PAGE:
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Plan to study abroad

By David Soren
Arizona Daily Wildcat
Thursday Feb. 21, 2002

Editor's note: David Soren, a regents professor of classics, is also the driving force behind a new UA institute for Classical Studies in Orvieto, Italy. Since today is the annual Spring Study Abroad Fair, Soren has submitted the following commentary in hopes of turning students on to study opportunities in other countries.

Though I am 55 now, I remember being an undergraduate junior in 1967. Outwardly, I tried to be "cool," but inside I was a wreck. I didn't know what to do with my life.

Things seemed black when I enlisted to go to Vietnam. I went to my draft board physical. To my surprise, while I was standing naked next to a poster that said "Uncle Sam Wants You," I learned that the army didn't want me! They said I was a physical wreck from multiple injuries sustained while trying to be a 119 pound linebacker on our junior high school football team.

Suddenly, I had a life again. But what would I do? English, history, law or ... something else? I took Latin in high school and Greek in college. I had been a professional dancer for a while on CBS and was interested in media arts. But what was the right field? A friend of mine said to go study abroad for a semester. One of my professors recommended Italy.

He said, "There, you will become sophisticated: You will learn about wine, art and ancient civilization. It will help you find yourself." It sounded good to me because I was not sophisticated - I was a confused dweeb.

I applied to the Stanford overseas program and suddenly I was on my own, learning about the world, overcoming my own mistakes, avoiding bad table manners, learning how to hold my hands while standing and talking to people, feeling almost comfortable around young ladies instead of painfully shy.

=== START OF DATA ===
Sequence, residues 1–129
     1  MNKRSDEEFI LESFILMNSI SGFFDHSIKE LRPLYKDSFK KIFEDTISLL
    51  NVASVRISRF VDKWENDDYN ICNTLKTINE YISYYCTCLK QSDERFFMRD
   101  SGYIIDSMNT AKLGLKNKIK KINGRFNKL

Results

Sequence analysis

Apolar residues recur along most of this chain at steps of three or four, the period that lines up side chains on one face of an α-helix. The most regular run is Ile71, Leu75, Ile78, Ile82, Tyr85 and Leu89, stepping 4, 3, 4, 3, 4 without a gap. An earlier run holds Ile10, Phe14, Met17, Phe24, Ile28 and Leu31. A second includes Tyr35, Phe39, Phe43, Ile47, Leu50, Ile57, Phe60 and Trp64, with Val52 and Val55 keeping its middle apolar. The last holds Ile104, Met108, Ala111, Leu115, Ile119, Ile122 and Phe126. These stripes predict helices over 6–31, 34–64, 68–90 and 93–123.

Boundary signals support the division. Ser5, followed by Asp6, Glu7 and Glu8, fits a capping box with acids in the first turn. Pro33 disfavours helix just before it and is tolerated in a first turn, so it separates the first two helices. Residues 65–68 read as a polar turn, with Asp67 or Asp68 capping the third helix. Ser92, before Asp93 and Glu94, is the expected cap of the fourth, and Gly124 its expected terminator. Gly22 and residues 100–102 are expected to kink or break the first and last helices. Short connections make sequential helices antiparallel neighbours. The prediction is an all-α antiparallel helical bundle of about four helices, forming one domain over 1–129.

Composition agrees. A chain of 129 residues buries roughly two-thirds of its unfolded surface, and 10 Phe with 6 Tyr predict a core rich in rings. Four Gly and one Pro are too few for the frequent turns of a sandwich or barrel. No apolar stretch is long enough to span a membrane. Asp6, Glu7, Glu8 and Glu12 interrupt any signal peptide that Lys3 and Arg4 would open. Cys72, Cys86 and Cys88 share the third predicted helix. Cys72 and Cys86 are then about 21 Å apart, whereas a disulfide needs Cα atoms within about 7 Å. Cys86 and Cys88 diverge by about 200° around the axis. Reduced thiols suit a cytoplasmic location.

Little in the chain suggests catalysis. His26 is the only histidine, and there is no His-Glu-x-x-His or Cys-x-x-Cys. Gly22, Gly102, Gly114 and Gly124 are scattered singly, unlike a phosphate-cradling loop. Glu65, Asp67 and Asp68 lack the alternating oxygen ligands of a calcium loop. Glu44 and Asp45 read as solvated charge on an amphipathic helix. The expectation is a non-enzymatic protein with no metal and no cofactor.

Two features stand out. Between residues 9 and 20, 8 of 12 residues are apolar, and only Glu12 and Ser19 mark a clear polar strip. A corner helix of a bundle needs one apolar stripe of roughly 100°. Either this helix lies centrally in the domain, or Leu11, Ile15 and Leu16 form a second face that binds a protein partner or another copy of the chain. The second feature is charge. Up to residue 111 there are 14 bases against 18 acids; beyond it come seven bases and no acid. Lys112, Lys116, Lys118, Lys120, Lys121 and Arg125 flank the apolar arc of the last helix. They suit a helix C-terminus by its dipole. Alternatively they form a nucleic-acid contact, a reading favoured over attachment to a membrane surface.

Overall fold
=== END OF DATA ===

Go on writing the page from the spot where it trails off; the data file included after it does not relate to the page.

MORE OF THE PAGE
It didn't take long to fall in love with Italy and archaeology - and the food! That junior year abroad changed my whole life and I dedicated myself to a career in classics. I decided I would be a professor, an archaeologist, a classicist studying Greek and Latin, a documentary movie maker, and an art historian. I would get a bachlor's degree in Greek and Latin, a master's degree in Fine Arts and a doctorate in archaeology and keep up my interests in dance and film somehow.

You see, while I was in Italy, my professors convinced me that everything was possible if I had three things going for me: Rudimentary intelligence, the desire to work hard, and intense focus on my life's goal.

I filled my mind with useful disciplines while I was young enough to absorb them. I freed myself from time-wasting diversions - rock and roll, solitaire, Frisbee, drinking. In Italy, everything seemed possible. And at last I had a plan.

That was 35 years ago. Now as a professor at UA, I live my life plan. I make documentary films for national TV, teach classics, archaeology, movies and even dance, all because I went to Italy. In the summers, I dig up Roman ruins in Tuscany.

But now, the three steps that governed my pathway to the future have been replaced by two new steps that I have discovered, which apply to one's later years. First, once you make a measure of success and get to where you want to be in life, it is important to suppress your ego. This means stop talking about yourself. The mature person is the person who can be in a room with others and talk about anything but himself. The immature, insecure person talks about little else but himself. The second step I have found important is to devote the rest of your life to doing good works. Toward that end a new goal consumed me.

If the chance to study in Italy had helped me, wouldn't it be wonderful to design an institute where UA undergraduates could go for a semester or a summer and excavate at a real archaeological site, study Latin, learn about ancient art and archaeology, work with professors of ancient art history and go on field trips to Rome? I wanted the institute to be located in my favorite Italian town - Orvieto. So for years I planned, and finally this year I realized my dream, having received permission from the Italian government to open our own UA institute for Classical Studies in Orvieto.

In youth, I learned to do three things for success and enlightenment: Have a good mind, study hard and keep my focus on my future. In later middle age I have learned two more things: Cast aside ego and do good works.

Five tenets for life. Try them. They work.


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